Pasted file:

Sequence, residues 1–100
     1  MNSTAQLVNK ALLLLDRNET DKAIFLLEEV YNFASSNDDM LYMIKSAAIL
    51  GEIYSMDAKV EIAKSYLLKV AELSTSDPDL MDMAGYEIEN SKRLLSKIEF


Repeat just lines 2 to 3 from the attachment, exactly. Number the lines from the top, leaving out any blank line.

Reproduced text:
     1  MNSTAQLVNK ALLLLDRNET DKAIFLLEEV YNFASSNDDM LYMIKSAAIL
    51  GEIYSMDAKV EIAKSYLLKV AELSTSDPDL MDMAGYEIEN SKRLLSKIEF